Does Sustainable Cuisine Need To Be Complex?

The path to green cuisine is one that can be taken in all sorts of different ways and can involve extensive data analysis, close farm-to-fork relationships between suppliers and restaurants, and careful micromanagement of every aspect of the business.

However, whilst all of these ways to create more environmentally conscious dining establishments are important and valid, is sustainability necessarily complex, or are there ways to work towards a Michelin Green Star that can be achieved without the need for analytics and complex technology?

The answer is that green cuisine is often far less complicated than most people imagine, and a lot of approaches that make a restaurant more environmentally friendly also make it more efficient and financially sound.

Minimizing food waste is a great example of this. Whilst the environmental case for this is to reduce the amount of food that ends up being wasted, the business case is that customers would be content with smaller portions and careful inventory management is key to avoid spoiled food regardless of the green case for it.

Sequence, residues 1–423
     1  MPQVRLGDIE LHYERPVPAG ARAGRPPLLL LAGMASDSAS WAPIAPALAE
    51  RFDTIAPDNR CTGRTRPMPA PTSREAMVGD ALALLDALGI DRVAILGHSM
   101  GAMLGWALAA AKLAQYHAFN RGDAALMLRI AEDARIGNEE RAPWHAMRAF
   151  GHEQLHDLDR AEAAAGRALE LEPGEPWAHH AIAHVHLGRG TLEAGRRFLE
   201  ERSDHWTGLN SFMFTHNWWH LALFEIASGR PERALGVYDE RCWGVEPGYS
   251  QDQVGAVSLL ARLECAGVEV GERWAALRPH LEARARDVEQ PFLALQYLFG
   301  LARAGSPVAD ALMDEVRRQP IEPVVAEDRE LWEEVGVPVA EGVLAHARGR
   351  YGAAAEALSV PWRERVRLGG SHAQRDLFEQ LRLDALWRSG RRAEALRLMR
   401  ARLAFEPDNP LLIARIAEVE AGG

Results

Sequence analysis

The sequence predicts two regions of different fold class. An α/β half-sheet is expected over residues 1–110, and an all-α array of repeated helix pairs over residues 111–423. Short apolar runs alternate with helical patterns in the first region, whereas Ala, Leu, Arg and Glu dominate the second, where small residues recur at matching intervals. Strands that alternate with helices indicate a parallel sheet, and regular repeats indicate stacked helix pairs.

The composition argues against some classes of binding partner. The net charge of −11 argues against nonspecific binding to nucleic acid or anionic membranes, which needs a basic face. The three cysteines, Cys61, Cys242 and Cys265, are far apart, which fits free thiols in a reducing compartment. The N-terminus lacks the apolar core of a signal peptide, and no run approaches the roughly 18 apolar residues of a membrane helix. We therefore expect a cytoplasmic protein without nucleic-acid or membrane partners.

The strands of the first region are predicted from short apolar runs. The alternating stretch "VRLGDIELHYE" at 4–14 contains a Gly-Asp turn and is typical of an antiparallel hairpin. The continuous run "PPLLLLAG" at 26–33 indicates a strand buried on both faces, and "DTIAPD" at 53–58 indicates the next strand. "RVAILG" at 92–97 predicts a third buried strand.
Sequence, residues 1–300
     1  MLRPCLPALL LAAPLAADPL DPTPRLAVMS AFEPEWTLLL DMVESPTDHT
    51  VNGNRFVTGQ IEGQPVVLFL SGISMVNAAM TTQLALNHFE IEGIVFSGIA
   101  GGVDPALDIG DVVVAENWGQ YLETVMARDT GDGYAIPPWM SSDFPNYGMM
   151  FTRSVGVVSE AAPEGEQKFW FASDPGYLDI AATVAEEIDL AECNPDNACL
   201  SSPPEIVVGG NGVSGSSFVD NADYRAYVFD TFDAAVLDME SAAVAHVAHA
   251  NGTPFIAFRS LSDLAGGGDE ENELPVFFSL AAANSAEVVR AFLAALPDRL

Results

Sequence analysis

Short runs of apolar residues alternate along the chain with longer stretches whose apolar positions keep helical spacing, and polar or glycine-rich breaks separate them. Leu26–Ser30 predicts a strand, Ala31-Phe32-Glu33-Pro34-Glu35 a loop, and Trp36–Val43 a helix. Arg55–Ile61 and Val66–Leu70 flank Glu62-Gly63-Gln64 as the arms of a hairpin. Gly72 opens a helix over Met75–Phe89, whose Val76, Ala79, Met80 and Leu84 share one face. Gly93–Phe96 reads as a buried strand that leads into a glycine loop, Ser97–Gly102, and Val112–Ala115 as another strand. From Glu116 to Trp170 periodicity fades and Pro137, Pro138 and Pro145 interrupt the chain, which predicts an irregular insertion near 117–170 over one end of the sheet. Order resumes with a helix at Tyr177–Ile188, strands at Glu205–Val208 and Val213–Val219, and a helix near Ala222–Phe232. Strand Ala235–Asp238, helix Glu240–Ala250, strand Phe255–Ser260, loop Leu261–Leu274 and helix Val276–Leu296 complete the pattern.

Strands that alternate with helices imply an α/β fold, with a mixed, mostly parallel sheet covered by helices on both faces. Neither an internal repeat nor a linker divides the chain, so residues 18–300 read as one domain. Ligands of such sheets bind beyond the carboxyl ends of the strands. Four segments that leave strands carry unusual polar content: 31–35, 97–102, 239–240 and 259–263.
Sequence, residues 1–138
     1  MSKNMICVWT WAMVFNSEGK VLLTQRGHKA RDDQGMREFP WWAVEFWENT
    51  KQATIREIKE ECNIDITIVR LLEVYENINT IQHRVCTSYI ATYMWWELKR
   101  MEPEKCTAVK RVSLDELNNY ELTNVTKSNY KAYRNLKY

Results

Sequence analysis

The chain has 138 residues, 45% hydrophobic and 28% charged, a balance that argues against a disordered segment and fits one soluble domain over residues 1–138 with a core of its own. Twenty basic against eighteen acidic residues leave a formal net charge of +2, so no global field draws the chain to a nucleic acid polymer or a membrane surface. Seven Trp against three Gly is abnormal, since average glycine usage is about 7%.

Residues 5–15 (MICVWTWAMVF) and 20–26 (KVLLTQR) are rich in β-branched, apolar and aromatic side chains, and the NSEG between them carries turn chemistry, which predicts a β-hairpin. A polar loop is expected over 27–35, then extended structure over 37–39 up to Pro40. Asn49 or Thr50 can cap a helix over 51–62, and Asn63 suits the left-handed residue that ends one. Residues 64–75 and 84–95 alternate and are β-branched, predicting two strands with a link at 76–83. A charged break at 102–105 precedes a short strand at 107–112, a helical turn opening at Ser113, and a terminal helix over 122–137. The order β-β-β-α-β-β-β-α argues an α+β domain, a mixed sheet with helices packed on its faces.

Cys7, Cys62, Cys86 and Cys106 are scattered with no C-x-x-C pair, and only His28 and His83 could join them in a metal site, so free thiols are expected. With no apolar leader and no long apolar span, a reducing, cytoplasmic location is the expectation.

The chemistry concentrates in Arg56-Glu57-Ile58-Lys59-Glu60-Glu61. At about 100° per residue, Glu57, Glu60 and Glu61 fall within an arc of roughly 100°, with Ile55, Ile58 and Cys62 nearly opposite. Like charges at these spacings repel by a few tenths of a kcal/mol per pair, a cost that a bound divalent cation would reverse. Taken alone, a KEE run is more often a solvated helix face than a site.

Many fine dining restaurants would benefit by adopting the approach pioneered by Alain Passard’s L'Arpège restaurant in Paris, which was one of the first restaurants with three Michelin Stars to have a vegetarian menu.

Adopting a seasonal menu, working with local farmers, foraging and farming your own produce and having either vegan options or a primarily vegan menu can all make a considerable difference when it comes to sustainability, but do not need to be complicated.

Finally, part of the change can be less about the food itself and more about changing how the people who eat at your restaurant think about it.

The wider slow food movement focuses on the joy of local cuisine, focusing on quality and eschewing overproduction and waste, as well as a focus on ethical cuisine and being a pillar of local communities.

September 01, 2023 — Jake Blakey